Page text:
The National Park Service collects Recreation Fees under the Federal Lands Recreation Enhancement Act (FLREA). Recreation Fees provide a vital source of revenue for improving facilities and services for park visitors.
That means that the money you hand the ranger at the Visitor Center is being put to use at Adams to make the park—and your visit—better. Some improvements take place behind-the-scenes. Others may be a direct part of your park experience. All of these projects are important to the continued preservation of your national parks. Thanks to all of you that have paid an entrance fee or bought a park pass at Adams National Historical Park.
This is a list of just some of the things your contributions have made possible:
PMIS 242017 $12,282.
This project will make necessary repairs to the pulleys, replace the halyards, and apply a white epoxy coating to the two flag poles. The 60’ flagpole on the Main Lawn adjacent to the Old House and the 30’ Birthplace flagpole
The Adams Estate is the home of Presidents John Adams and John Quincy Adams and four generations of the Adams Family. Visitors arrive to the Birthplace and Peace field sites via park trolley, as they walk the paths to enter the Old House and Birthplaces for their guided tour, they cannot help but observe the deteriorating flagpoles. The park is continuing to work to provide an enhanced, immersive experience to benefit the visitor’s tour experience, and maintaining the park’s assets in good condition is critical. On average 22,000-27,000 guided tours are conducted annually totaling 180,000+ visitors per year.
The flagpole finish has deteriorated due to weathering. This project will allow the park to protect and preserve the park’s assets. If the flagpoles are not repaired, it will continue to be an eyesore for the visitors and community.
This project will improve visitor satisfaction of the park’s overall 180,000+ visitors. This project would increase visitor satisfaction in the way the National Park Service is maintaining the country’s heritage.
Performance of this project will commence on Adams Street at the Beale House. The Scope of Work will require raising 95 feet of granite boundary wall and the wrought iron fence by approximately 2 feet above the grade of the existing city sidewalk and then inserting a subsurface poured concrete footing between the raised caps and bottom course of the wall. Granite columns that mark the driveway entrance will also need to be raised and reset, as will the wooden entrance gate. Due to the weight of the granite and necessary excavation, heavy equipment will be required capable of lifting and moving large, heavy objects.
This project will involve disassembling and removing the historic iron fence, consisting of 190 pieces of 7/8” x 7/8” x 28” pickets, set into the granite capstone with a 100’continuous top rail. Steps to restore the iron fence to its original condition will be: - Remove cap stones 100’ - Form & pour concrete footing - Reinstall capstones - Raise & reset corner posts - Raise the existing granite wall 24”
Stone walls and wrought iron fences are a signature feature of colonial New England landscapes and disappearing as development overtakes the historic fabric of many cultural landscapes. These features are critical to the interpretation of the Adams family to some 160,000 visitors to Adams NHP annually. Of the 75 acres of farmland that John and Abigail purchased in 1788, only some 7 acres remain. The adjacent Beale Estate, owned by John Adams’ contemporary, Captain Benjamin Beale, is critical to preserving the historic integrity and view shed as witnessed by John and Abigail Adams. These properties sit along Adams Street, formally the "Old Post Road" connecting Boston to Plymouth. Today, the park is surrounded by what Brooks Adams referred to as "creeping destruction." Preserving the historic stone wall and fence is critical to providing historic context and meaning to the park story. As the visitor approaches the park, the stone wall and fence are defining features of the landscape and park visitors with an immediate and immersive experience into the colonial landscape.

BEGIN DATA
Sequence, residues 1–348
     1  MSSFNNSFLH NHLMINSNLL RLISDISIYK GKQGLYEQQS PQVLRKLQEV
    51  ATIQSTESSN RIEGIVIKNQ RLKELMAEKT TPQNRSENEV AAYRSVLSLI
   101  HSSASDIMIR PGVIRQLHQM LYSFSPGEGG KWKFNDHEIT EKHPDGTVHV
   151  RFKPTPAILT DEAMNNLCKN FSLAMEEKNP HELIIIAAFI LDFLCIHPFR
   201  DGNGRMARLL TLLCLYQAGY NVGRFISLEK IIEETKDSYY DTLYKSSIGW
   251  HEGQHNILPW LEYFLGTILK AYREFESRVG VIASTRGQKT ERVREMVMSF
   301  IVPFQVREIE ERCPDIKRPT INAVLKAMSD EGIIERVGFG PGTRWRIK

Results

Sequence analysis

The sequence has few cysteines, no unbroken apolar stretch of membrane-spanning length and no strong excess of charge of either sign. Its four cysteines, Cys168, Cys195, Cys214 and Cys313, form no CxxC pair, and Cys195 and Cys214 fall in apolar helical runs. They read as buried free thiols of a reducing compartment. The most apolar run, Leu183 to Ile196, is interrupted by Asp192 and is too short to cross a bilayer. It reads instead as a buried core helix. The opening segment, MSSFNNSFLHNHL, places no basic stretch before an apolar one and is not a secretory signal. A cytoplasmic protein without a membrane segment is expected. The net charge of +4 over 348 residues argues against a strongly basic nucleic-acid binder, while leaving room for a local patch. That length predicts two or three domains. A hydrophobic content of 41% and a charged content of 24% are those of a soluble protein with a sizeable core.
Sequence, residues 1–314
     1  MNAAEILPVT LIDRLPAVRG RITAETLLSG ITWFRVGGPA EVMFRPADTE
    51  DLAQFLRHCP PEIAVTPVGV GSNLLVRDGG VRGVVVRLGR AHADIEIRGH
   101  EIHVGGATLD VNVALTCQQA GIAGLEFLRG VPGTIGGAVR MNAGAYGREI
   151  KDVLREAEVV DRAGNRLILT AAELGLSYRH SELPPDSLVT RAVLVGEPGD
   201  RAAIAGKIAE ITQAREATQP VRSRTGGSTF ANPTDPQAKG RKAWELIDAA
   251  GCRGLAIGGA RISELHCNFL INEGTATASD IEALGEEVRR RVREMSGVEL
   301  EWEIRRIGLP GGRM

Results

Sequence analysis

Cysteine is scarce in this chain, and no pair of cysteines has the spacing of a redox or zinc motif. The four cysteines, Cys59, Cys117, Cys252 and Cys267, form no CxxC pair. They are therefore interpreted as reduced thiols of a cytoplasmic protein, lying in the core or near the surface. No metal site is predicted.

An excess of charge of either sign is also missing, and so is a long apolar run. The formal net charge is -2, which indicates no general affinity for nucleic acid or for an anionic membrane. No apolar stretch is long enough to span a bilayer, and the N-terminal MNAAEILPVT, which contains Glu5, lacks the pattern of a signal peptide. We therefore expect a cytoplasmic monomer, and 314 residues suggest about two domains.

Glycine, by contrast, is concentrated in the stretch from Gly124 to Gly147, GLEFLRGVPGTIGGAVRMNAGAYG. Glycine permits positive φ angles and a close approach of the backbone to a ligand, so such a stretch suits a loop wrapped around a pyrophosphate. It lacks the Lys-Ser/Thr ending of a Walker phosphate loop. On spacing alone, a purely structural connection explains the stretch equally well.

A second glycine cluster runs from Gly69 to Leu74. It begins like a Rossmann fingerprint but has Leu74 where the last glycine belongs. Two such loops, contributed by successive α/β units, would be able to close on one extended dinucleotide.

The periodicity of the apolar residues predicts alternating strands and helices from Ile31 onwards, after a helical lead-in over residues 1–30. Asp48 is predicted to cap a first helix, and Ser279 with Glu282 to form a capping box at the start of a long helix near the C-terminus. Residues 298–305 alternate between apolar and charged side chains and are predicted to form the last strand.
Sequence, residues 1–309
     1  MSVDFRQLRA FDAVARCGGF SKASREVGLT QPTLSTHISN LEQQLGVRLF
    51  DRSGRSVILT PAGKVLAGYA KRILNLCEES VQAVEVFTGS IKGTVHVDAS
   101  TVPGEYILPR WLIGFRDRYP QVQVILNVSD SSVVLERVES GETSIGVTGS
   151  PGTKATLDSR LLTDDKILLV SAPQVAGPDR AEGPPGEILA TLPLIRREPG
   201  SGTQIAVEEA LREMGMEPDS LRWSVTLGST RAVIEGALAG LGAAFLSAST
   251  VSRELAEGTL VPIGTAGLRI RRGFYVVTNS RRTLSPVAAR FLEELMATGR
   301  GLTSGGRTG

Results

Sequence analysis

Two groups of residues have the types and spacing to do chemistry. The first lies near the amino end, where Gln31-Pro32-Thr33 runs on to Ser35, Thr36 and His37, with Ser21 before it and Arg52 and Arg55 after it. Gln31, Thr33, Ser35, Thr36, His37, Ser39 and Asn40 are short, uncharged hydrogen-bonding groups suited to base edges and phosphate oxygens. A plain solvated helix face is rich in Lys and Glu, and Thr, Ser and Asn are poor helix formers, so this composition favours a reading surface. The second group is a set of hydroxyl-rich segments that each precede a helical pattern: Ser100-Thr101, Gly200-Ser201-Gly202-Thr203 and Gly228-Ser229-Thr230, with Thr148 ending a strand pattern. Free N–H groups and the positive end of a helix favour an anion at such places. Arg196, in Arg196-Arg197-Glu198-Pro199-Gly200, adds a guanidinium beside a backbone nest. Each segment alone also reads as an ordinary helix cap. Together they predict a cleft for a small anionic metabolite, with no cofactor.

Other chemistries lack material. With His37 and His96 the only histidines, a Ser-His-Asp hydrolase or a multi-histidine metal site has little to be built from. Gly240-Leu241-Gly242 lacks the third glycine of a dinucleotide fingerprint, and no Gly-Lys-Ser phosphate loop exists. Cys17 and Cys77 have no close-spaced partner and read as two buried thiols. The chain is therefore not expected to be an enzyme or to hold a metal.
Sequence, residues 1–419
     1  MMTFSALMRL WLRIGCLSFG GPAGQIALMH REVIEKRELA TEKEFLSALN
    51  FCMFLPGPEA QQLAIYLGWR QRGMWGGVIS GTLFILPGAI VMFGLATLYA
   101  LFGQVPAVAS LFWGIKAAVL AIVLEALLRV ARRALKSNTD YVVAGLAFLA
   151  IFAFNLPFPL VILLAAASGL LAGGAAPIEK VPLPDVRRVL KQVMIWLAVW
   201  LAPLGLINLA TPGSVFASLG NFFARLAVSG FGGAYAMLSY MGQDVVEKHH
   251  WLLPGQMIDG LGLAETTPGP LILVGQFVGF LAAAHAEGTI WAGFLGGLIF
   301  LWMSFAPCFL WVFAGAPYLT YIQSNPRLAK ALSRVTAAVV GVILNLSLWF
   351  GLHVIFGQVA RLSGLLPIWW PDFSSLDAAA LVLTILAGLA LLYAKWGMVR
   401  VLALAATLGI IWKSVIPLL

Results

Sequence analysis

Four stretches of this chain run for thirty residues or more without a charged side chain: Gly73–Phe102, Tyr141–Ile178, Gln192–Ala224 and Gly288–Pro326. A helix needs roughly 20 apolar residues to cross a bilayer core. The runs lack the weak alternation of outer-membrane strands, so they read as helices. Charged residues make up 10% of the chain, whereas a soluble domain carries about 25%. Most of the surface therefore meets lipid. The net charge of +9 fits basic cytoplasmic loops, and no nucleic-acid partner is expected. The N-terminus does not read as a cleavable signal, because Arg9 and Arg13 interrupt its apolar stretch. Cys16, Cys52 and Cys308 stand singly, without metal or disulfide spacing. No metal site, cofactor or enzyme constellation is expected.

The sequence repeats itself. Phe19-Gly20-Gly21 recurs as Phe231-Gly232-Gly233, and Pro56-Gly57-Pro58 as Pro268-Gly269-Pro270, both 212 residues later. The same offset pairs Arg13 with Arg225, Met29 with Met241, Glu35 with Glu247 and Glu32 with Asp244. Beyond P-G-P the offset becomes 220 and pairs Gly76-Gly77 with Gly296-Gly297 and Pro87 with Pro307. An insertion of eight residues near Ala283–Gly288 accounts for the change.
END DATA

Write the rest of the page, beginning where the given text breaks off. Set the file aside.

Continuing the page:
At the turn of the century, the grade of the city sidewalk was raised on Adams Street approximately 2 feet. In doing so, the entire top portion of the park’s historic granite wall and the lower section of the attached wrought iron rails were buried. If conditions are not corrected within a reasonable time frame, it will mean the complete loss of the entire iron fence portion due to deterioration (approximately 200 iron rails). Because the exposed portion of wall is so low, it posses a potential safety concern when children and visitors walking on the city sidewalk try to walk on the pointed iron rails.
Upon completion of this project: - The public will be able to view the unique construction of the wall with each individual rail set in granite enhancing the visitor experience by preserving the historic stone wall and fence, adding increased value to the historic context and park story. - The existing threat impacting this historical resource will be eliminated. - Preventative maintenance will stop further deterioration.
Replace Greenhouse Windows PMIS# 178725 $47,699
Replace all 20 Greenhouse windows with new custom fabricated windows.
The removable window frames have exceeded their life expectancy and it has become necessary to replace them. This building is historic and was built in the 1920s and is used to propagate plant material for the Old House Garden and the cultural landscape. The Greenhouse building is within the view shed of the park boundary, and it is seen daily by the park’s visitors. The building still contains much historic fabric. The park and its various sites receive approximately 250,000 visitors annually and projections point to increased visitation in the future.